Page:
3 Reasons Debit Cards Beat Credit Cards

Debit cards get absolutely no respect.

Talk with enough personal finance experts and you can collect a laundry list of reasons why credit cards are better than debit cards. For some consumers, a credit card is better than a debit card, but if average credit card debt statistics are any indication, many consumers would be better off using debit.

You can’t fall into the debt spiral with a debit card. Credit cards offer all sorts of great perks and rewards, some of which are matched by debit cards, but they are also a gateway into a world of debt. If you can’t pay off a credit card bill in full each month, you’re paying double digit interest rates. Those double digit interest rates are liable to keep you in debt for a very long time and it is too high a price to pay for those perks and rewards. Getting 1% cashback on your purchases and paying 18.99% in interest charges is not a good deal.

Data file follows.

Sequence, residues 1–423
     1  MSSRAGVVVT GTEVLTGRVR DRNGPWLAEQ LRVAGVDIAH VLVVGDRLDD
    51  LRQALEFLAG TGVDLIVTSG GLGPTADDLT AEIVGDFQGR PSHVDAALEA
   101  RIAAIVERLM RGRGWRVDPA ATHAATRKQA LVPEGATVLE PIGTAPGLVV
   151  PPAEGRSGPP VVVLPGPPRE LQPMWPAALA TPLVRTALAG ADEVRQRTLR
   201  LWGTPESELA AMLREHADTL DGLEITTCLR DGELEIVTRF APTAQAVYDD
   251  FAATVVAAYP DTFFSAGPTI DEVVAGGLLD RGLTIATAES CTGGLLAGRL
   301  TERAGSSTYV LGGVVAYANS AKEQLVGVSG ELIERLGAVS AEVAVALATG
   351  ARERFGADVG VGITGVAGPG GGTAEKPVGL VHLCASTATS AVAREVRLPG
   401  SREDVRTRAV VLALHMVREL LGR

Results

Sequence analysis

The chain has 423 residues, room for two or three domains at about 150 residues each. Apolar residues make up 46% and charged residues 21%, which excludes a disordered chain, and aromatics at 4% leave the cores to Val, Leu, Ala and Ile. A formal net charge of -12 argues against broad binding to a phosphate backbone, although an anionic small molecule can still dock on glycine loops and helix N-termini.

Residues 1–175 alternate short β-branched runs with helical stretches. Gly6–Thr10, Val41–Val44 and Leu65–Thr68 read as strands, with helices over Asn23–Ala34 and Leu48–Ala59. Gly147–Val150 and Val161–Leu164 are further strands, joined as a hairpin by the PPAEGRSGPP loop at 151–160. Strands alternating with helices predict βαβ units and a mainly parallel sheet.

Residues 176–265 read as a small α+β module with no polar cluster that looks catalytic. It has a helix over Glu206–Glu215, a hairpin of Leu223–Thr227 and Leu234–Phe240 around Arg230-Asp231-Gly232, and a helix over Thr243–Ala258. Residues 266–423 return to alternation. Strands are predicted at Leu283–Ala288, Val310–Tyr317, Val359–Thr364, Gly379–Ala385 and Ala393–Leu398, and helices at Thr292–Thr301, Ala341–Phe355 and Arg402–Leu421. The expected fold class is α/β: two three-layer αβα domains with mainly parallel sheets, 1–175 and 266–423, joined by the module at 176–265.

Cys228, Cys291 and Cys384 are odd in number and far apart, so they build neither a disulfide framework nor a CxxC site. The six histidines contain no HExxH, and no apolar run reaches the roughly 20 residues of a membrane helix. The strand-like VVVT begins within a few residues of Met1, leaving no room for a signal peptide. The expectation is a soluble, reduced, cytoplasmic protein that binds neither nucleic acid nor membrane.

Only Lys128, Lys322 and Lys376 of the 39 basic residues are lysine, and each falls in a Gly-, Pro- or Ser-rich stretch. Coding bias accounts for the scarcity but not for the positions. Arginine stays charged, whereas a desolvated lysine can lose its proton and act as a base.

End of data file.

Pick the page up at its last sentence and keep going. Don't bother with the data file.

Some debit cards offer cashback. If you look hard enough, some debit cards are offering cashback just like credit cards. PerkStreet Financial offers 2-5% and ING Direct, for a limited time, offers cashback on their Electric Orange debit card. If cashback is the only reason you’re using a credit card, consider looking around for alternatives.

You are always approved. Since a debit card is merely another way to access your own money, no credit is involved. Your credit score takes a hit with every new credit card application, whether or not you’re approved. You don’t build any credit with a debit card though, as it’s off the credit radar.

When it comes to the things that matter, such as fraud protection, debit and credit cards are more similar than they are different. The crucial difference is that with a credit card, you can spend money you don’t have (which is exactly what they want) and pay for it for quite a long time.

Jim writes about personal finance at Bargaineering.com.

Want more consumer news? Visit our parent organization, Consumer Reports, for the latest on scams, recalls, and other consumer issues.